To treat colds or flu, get plenty of rest and drink lots of fluids. If you have the flu, pain relievers such as aspirin, acetaminophen, or ibuprofen can reduce fever or aches. Allergies can be treated with antihistamines or decongestants. See the “Wise Choices” box for more details.

Be careful to avoid “drug overlap” when taking medicines that list 2 or more active ingredients on the label. For example, if you take 2 different drugs that contain acetaminophen—one for a stuffy nose and the other for headache—you may be getting too much acetaminophen.

“Read medicine labels carefully—the warnings, side effects, dosages. If you have questions, talk to your doctor or pharmacist, especially if you have children who are sick,” Hauguel says. “You don’t want to overmedicate, and you don’t want to risk taking a medication that may interact with another.”

Symptoms Cold Flu Airborne Allergy
Fever Rare Usual, high (100-102 °F), sometimes higher, especially in young children); lasts 3-4 days Never
Headache Uncommon Common Uncommon
General Aches, Pains Slight Usual; often severe Never
Fatigue, Weakness Sometimes Usual, can last up to 3 weeks Sometimes
Extreme Exhaustion Never Usual, at the beginning of the illness Never
Stuffy, Runny Nose Common Sometimes Common
Sneezing Usual Sometimes Usual
Sore Throat Common Sometimes Sometimes
Cough Common Common, can become severe Sometimes
Chest Discomfort Mild to moderate Common Rare, except for those with allergic asthma
Treatment Get plenty of rest.
Stay hydrated. (Drink plenty of fluids.)
Aspirin (ages 18 and up), acetaminophen, or ibuprofen for aches and pains
Get plenty of rest.
Stay hydrated.
Aspirin (ages 18 and up), acetaminophen, or ibuprofen for aches, pains, and fever
Antiviral medicines (see your doctor)
Avoid allergens (things that you’re allergic to)
Nasal steroids
Prevention Wash your hands often.
Avoid close contact with anyone who has a cold.
Get the flu vaccine each year.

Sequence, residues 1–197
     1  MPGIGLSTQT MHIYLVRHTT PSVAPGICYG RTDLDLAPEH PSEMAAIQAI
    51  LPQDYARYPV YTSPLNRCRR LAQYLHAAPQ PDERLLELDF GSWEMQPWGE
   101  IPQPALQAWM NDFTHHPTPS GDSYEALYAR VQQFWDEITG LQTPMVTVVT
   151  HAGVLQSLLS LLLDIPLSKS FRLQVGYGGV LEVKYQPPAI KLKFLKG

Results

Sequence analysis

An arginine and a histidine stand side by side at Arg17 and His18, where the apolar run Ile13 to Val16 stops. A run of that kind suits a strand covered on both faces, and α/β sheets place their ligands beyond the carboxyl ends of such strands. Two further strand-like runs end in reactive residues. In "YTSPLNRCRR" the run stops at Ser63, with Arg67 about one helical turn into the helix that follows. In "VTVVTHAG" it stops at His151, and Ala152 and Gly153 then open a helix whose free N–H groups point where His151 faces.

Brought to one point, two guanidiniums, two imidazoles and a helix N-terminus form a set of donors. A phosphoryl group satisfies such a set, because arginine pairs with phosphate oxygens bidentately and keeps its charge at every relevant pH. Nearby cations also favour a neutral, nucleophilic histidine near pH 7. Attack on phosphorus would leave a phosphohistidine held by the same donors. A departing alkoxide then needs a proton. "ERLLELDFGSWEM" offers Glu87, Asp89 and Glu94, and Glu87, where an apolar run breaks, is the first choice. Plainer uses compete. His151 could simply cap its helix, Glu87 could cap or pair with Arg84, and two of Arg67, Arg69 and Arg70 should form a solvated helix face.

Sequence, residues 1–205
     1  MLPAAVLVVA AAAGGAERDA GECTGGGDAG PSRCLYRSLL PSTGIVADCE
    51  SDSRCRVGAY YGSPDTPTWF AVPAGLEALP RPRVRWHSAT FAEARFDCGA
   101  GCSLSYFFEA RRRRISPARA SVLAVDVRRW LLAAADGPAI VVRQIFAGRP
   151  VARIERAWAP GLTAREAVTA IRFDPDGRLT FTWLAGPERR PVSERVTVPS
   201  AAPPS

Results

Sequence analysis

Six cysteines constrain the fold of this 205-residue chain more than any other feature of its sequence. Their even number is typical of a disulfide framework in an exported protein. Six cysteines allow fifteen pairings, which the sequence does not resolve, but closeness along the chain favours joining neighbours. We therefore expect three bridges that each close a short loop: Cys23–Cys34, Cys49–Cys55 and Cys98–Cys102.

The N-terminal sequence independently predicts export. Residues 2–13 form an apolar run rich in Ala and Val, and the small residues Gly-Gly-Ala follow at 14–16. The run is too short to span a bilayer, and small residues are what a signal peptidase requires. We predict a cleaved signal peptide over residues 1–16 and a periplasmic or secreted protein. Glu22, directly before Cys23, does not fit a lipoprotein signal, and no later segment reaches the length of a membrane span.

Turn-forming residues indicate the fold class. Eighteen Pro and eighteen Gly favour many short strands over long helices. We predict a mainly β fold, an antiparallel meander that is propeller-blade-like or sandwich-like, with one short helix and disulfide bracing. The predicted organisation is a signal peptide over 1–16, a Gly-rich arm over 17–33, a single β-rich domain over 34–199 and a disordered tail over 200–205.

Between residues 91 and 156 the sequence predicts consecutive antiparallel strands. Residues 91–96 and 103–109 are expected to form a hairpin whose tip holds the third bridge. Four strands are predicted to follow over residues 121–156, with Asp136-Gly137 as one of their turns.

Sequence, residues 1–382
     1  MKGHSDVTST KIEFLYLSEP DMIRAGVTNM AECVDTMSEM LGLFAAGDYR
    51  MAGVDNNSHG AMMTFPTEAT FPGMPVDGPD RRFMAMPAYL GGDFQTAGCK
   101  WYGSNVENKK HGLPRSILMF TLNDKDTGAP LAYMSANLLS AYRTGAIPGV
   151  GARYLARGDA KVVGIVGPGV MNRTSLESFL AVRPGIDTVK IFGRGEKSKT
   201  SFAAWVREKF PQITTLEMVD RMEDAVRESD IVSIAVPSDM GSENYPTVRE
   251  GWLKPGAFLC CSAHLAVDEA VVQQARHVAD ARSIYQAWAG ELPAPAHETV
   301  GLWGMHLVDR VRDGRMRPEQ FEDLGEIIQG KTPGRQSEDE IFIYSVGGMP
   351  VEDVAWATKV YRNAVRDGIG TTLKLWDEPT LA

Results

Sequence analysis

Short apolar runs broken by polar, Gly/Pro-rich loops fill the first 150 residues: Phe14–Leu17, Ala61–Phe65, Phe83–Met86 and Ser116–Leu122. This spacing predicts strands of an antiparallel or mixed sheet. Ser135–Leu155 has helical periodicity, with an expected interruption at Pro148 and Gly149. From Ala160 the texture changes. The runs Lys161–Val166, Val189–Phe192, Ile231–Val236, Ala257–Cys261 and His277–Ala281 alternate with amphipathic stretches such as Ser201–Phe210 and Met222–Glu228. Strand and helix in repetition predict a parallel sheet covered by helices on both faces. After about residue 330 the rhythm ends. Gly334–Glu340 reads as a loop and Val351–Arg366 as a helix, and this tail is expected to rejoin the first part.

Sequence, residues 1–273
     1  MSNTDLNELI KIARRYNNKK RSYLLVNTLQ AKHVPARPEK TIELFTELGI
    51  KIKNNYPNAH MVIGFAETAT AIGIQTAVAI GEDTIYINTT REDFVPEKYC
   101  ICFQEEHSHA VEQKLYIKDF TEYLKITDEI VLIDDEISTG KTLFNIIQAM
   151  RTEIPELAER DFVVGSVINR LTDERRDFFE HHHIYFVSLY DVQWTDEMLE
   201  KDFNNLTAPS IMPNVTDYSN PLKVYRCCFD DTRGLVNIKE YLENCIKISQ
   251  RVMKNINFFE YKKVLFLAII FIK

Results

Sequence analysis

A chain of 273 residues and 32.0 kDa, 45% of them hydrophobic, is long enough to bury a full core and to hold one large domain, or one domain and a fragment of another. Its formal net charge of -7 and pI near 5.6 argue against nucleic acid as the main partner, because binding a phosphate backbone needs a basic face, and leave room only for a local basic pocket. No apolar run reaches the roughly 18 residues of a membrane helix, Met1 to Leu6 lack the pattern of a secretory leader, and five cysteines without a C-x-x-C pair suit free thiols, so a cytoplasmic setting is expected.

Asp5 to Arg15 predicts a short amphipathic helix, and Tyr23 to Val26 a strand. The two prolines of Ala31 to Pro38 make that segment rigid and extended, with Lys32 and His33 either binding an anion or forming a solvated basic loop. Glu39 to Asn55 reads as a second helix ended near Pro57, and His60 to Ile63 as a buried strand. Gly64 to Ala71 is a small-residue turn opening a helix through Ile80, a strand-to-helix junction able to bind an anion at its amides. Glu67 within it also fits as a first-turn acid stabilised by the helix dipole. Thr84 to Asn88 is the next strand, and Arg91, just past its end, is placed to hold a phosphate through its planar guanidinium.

Wash your hands often.
Avoid close contact with anyone who has the flu.
Avoid allergens, such as pollen, house dust mites, mold, pet dander, cockroaches.
Complications Sinus infection middle ear infection, asthma Bronchitis, pneumonia; can be life-threatening Sinus infection, middle ear infection, asthma

Laryngitis is inflammation (-itis) of the larynx (-laryn). The larynx is also known as the “voice box” because it contains the vocal cords, which are necessary for speech. Located in the throat above the trachea, or windpipe, the vocal cords open and close to create sound.

Symptoms and causes

Many people think that laryngitis is simply losing your voice; however, voice loss is actually a symptom. “Laryngitis is inflammation of the vocal cords. This swelling leads to changes in the voice or complete loss of voice,” Dr. Stacey Silvers of the Madison Skin and Laser Center in New York, told Live Science.

Sometimes, the swelling becomes so bad that the throat becomes blocked, according to the National Institutes of Health (NIH). Speech may also be hoarse, or not possible at all. The throat may feel sore and itchy, as if it needs to be cleared. The patient may also get a fever.

These symptoms typically appear within hours or days of developing a cold or upper respiratory infection such as bronchitis or pneumonia. Colds, which are caused by viruses, are the most common cause of laryngitis. Other viral causes include measles. Although rare, bacterial infections, such as diphtheria, can also cause laryngitis.